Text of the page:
5. Game 1, 1988 (Kirk Gibson Game – Dodgers 5, A’s 4)
Kirk Gibson hit the most improbable home run of World Series history in 1988. Coming off an MVP season, Gibson led the Dodgers through a tough NLCS match-up with the Mets, but he wasn’t able to start in the World Series against Oakland, having injured both legs in the previous series while also suffering from a stomach virus. He watched helplessly from the bench until the end of the game.
A 2-0 first inning lead for the Dodgers was erased almost immediately by a grand slam by Jose Canseco in the top of the second. That was it for scoring until the Dodgers’ last licks, minus a string of sixth inning singles that cut the Athletics lead to 4-3. Gibson was sent up as a pinch hitter with a man on and two outs in the bottom of the ninth. Facing the fierce closer Dennis Eckersley, Gibson appeared to be in pain during every swing. At one point, a grounder that rolled just foul showed how much Gibson was hurting, as he limped towards first base before realizing it was out of play. Then, after working the count to 3-2, he launched the next offering into the right field seats, winning the game for the Dodgers, 5-4. His triumphant hobble around the bases has become well known to baseball fans everywhere – a surreal moment that was stranger than fiction. Gibson wasn’t able to play in the rest of the series, but the Dodgers went on to take it in five games.
6. Game 7, 1991 (Twins 1, Braves 0 in 10 inn.)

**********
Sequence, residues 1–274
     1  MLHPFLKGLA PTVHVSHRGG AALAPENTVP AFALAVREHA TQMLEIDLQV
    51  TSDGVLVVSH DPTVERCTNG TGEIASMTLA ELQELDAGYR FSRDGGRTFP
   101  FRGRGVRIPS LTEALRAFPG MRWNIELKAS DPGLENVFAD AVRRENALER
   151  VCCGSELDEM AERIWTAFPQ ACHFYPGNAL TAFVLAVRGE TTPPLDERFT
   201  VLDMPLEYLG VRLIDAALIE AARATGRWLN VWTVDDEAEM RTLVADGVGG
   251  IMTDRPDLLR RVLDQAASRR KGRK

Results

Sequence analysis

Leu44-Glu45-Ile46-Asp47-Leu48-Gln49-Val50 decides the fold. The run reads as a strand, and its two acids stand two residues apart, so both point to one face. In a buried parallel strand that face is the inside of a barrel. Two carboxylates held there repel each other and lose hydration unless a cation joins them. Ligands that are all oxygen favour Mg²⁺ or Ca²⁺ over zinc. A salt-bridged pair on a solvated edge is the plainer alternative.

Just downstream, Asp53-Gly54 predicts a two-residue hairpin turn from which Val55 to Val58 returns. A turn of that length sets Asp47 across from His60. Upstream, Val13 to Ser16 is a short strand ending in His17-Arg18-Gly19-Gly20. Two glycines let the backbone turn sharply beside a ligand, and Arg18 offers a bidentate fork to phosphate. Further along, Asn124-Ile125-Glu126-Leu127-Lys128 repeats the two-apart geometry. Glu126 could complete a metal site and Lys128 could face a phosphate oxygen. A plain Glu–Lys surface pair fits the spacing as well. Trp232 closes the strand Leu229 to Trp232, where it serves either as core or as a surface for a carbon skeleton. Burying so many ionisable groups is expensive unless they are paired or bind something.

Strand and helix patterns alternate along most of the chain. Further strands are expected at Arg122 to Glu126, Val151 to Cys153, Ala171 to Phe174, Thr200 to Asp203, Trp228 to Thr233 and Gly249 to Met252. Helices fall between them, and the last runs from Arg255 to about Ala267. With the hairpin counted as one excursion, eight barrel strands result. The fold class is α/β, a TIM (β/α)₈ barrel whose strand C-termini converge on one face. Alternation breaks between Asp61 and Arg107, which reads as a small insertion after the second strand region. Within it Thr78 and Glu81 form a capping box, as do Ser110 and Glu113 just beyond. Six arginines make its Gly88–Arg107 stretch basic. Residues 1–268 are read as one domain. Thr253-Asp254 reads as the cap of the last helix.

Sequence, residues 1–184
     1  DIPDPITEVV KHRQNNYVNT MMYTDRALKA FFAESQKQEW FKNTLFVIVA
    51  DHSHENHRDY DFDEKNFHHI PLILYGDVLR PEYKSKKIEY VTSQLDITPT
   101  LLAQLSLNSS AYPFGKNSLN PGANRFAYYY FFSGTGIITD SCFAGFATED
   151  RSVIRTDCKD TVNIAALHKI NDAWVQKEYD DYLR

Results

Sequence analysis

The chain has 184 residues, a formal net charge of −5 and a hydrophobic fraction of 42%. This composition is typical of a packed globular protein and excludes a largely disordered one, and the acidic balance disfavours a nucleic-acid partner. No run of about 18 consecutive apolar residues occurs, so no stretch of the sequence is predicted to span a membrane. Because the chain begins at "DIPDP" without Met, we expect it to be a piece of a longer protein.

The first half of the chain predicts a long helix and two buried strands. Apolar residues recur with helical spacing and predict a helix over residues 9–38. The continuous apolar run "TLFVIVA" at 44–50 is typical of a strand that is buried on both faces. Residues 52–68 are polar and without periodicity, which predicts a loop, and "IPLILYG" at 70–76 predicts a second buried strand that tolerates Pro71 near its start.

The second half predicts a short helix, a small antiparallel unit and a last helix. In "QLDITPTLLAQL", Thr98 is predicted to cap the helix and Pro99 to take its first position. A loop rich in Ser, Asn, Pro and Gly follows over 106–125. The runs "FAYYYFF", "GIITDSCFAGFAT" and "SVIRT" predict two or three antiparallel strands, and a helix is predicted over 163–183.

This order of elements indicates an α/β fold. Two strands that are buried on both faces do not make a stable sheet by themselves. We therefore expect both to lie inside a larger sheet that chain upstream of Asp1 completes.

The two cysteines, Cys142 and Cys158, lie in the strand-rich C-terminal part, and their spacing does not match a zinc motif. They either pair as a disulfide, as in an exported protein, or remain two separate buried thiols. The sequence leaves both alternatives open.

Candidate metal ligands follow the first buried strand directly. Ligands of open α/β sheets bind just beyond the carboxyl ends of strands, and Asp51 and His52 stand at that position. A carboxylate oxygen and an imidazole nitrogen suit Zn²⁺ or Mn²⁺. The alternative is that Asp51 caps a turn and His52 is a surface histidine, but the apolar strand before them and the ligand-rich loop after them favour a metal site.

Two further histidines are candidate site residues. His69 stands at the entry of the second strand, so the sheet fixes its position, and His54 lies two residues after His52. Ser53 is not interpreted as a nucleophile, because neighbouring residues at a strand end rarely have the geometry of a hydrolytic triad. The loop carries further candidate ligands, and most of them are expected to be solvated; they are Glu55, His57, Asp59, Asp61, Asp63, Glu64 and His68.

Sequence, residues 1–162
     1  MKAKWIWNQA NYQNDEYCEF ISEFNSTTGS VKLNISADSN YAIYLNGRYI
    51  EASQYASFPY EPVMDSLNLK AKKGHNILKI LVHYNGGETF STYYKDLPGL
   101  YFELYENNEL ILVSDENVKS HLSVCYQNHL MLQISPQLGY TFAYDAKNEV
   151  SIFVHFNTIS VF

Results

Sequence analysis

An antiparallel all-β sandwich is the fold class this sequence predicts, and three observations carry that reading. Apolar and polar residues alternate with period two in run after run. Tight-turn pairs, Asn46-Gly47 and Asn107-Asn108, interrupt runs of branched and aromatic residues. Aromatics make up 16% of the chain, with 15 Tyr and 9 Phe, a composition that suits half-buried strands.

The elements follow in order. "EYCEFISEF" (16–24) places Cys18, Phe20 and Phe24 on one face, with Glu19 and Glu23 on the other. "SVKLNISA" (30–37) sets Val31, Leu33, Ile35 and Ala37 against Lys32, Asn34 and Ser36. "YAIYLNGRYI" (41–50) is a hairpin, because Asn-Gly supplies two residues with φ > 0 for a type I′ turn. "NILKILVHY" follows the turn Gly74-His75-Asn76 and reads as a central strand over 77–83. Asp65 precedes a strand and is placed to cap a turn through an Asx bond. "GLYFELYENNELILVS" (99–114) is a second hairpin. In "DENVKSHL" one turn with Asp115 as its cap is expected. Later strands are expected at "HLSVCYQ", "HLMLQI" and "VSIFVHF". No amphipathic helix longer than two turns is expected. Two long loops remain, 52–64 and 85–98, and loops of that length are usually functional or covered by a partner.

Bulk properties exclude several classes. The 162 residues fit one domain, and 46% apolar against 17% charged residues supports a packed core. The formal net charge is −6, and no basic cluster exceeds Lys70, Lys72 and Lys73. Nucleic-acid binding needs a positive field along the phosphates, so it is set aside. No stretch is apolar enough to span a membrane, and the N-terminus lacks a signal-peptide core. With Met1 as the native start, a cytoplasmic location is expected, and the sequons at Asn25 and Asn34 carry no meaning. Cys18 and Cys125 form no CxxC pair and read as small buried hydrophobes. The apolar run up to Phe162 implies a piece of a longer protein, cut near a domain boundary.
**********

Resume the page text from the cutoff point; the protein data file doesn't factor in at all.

This game was highlighted by one of the most brilliant pitching performances in World Series history by Twins starter Jack Morris, who had also pitched masterfully in Games 1 and 4 of the Series. Morris was lights out and fought with his manager to stay in the game all the way through the tenth inning, and for good reason. He shut down Atlanta all night, even recording a 1-2-3 inning in the tenth.
There were various scoring threats throughout the game, but the closest came in the top of the eighth, when Lonnie Smith reached first with none out for the Braves. Next up, Terry Pendleton hit a double to left-center with a hit and run play on, but Smith stopped on the way to second, apparently losing track of the ball. As a result, he only made it to third when he should have scored easily. Even with no outs, he never made it to the plate. The Twins broke the defensive stalemate in the bottom of the tenth, when Tom Kelly called on the obscure Gene Larkin to pinch hit with the bases loaded and one out. Larkin delivered, driving a pitch to left field for the game-winning hit, making for an amazing ending to what is widely thought to be greatest World Series of all time.